Chapter 1

Reims, France

18 June 1260


A scream poured down from the heavens, and Vital Moysett raised his eyes to trace the anguish back up to its source, far up the graceful arc to the peak of the vault, where his masons were struggling to join the blocks at the apex of the north and south ribs. One of the men must’ve caught his hand under a stone. That, or one of the clumsier sods had managed to spill molten lead on himself.

Vital lowered his gaze and gave his head a slight shake. If I may ask, God, let this not be the start of another delay. And please reward that poor fellow up there for whatever unwilling sacrifice he just made.

A chapter canon, one of several on the worksite, appeared at his elbow. They were on a surprise visit to assess progress—not exactly welcome but within their rights as the owners of the cathedral. “Is there a problem, Master Gaultier?”

Vital made a show of brushing some flecks of limestone from the ermine trim of his cloak. “Not in my earthly realm. We have plenty of men to complete the tasks ahead.”

There were days when he would not particularly mind being relieved of duty, to pass his responsibilities to another architectus and take up his chisels again. To trade the budget clashes, the abuse from angry taxpayers, the meddling of bishops, all of it for the direct truth of drawing beauty from stone. Releasing a saint hidden within a rough block would feel like child’s play after a master’s never-ending duties.

He had already accomplished as much as he dared dream as an architectus, anyway. Gaining renown and no small measure of spite from his fellow masters for his innovations and his rapid climb to the top of their profession, piling up enough deniers to keep him and Tegridia content in the Paris house to the end of their days, and capping it all with the triumph of Vielleny, the daring cathedral that secured his reputation and earned commendations from both king and pope. And if Vielleny didn’t accomplish the only real goal he had left, performing enough good works to ensure the release of his mother’s spirit from purgatory, the grand touches he was adding here at Reims surely would.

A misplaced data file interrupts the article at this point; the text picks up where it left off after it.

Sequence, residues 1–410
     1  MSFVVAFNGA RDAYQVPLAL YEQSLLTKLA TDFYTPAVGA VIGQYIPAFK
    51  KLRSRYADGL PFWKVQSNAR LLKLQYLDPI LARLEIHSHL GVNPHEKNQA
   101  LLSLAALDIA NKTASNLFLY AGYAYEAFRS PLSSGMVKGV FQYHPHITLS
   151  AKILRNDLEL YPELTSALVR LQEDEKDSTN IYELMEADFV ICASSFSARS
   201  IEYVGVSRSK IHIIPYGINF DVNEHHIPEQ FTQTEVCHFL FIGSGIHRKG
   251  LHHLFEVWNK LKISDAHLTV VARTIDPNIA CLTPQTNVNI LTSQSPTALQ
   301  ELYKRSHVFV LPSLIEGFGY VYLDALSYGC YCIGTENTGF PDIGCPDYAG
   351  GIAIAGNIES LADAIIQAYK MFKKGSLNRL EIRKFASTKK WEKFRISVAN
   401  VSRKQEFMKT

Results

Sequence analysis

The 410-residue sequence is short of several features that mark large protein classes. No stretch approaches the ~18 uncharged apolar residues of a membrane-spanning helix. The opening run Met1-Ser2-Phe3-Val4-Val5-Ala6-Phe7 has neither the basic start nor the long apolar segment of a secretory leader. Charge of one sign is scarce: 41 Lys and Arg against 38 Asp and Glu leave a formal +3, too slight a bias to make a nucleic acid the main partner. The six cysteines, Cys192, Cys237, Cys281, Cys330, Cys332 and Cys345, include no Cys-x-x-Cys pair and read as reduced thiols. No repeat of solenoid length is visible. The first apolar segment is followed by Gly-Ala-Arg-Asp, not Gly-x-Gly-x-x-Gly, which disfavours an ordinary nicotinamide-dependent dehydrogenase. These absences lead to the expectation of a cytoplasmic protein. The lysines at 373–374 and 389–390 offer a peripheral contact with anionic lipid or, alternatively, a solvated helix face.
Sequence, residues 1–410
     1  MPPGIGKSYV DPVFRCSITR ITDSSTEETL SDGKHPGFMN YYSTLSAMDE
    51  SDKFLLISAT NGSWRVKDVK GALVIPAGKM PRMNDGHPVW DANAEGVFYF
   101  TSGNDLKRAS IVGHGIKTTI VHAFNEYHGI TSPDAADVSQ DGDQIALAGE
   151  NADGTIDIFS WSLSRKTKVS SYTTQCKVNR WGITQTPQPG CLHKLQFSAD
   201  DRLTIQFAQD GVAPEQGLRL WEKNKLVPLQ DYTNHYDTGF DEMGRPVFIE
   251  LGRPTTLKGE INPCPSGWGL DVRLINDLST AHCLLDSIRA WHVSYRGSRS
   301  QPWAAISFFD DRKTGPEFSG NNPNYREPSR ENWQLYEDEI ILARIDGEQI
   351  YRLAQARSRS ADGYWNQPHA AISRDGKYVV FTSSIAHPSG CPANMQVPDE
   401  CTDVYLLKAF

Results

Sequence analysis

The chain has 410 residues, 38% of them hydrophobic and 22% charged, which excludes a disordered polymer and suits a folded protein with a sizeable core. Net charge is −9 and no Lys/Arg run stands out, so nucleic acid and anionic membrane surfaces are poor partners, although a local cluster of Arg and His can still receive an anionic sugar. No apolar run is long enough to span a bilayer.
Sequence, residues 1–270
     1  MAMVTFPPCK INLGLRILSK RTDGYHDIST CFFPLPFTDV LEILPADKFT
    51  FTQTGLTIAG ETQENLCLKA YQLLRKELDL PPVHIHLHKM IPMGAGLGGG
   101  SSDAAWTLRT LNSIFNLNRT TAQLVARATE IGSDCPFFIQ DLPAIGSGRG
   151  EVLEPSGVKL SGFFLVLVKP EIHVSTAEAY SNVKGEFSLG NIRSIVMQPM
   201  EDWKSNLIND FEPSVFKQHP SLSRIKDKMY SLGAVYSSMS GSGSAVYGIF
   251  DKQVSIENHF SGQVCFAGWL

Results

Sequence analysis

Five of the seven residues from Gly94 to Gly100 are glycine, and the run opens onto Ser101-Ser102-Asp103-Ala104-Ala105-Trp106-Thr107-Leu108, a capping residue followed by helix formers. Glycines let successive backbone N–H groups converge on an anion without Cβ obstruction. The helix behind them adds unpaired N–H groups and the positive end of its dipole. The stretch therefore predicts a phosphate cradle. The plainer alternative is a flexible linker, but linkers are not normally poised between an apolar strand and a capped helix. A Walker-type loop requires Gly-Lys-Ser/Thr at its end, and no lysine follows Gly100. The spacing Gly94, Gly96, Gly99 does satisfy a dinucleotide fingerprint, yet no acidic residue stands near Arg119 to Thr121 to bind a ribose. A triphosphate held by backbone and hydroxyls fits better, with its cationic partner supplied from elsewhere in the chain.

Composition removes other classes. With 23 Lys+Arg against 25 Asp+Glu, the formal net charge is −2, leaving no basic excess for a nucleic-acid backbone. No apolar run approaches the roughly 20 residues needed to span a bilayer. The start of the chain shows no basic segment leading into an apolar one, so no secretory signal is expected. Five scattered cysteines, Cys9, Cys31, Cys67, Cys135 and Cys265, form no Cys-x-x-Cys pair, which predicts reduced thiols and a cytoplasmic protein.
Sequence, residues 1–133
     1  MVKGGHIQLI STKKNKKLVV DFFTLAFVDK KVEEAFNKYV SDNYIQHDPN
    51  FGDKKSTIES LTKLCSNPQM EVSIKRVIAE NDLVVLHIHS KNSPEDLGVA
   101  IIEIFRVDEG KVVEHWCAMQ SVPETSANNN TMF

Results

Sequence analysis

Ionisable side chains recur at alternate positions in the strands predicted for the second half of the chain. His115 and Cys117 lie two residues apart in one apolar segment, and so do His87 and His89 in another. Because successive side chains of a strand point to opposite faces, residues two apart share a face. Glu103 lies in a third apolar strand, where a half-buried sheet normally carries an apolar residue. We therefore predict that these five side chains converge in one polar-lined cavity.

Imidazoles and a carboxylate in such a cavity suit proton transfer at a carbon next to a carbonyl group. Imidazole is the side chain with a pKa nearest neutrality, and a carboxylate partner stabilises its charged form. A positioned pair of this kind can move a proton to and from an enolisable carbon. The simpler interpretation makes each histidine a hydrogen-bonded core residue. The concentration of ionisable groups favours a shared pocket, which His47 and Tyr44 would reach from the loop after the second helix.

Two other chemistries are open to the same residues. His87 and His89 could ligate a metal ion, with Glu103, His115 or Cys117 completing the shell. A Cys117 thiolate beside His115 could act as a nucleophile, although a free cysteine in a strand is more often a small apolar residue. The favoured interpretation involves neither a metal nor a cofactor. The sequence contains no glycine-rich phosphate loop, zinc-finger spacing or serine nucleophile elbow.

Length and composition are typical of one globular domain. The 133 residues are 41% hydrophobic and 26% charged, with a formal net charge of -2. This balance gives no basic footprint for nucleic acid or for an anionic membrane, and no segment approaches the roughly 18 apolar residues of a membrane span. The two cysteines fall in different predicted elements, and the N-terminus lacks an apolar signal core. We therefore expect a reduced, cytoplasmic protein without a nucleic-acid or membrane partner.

The canons were well into their favorite entertainment of arguing architectural principles without the suffocating burden of any architectural knowledge when a boy of eight or ten approached at full sprint. He looked as if he had just raced up from the banks of the River Styx, such was the fear in his eyes. Those eyes scanned the group of men before him, no doubt trying to determine which of the grand figures he should address. “I am to speak to Vital Moysett, master builder here.”

On hearing his birth name spoken, Vital flinched so violently he dropped one of his soft leather gloves and could only pray the canons were too focused on the boy to notice. “I am Gaultier le Brun, the master of these works. This Moysett you speak of, he is unknown to me. Now what is it, mooncalf? You waste my time.” He thought of smacking the boy to punctuate his indignity in front of the canons, but the boy deserved no such maltreatment. Vital motioned him aside and leaned in to let him deliver his message.

“Master,” the boy struggled to say, between deep gasps, “Master…the cathedral at Vielleny…it’s collapsed!”

All sense of life drained from Vital’s body. He held still for a moment, then stood tall. “Send this message back to whatever foul bastard sent you on this prank!” He whipped the back of his hand across the boy’s face with such fury that he knocked the lad to the ground.

The boy looked up without getting up. “But it is true,” he cried, loudly enough for most everyone on the worksite to hear. “The cathedral collapsed at dawn yesterday. There are dead. The bishop said it would have been hundreds on a feast day.”

The canon who had challenged Vital spoke again. “So, Master Gaultier, are these the new ways of building you were boasting of only last week?”

“This news is impossible! Vielleny is the most perfectly proportioned church in all of France. Geometers handpicked by the king himself approved my design.”

The canon reached down and hoisted the boy to his feet. “The news you bring is true?”

“Yes, and…”

“Speak up. You will not be harmed.” The canon eyed Vital. “Again.”

“People in Vielleny saw the devil’s claw marks on the rubble.”

“What do you mean by that?”

“Claw marks. On the stones that fell. People are saying the devil himself pulled the cathedral down.”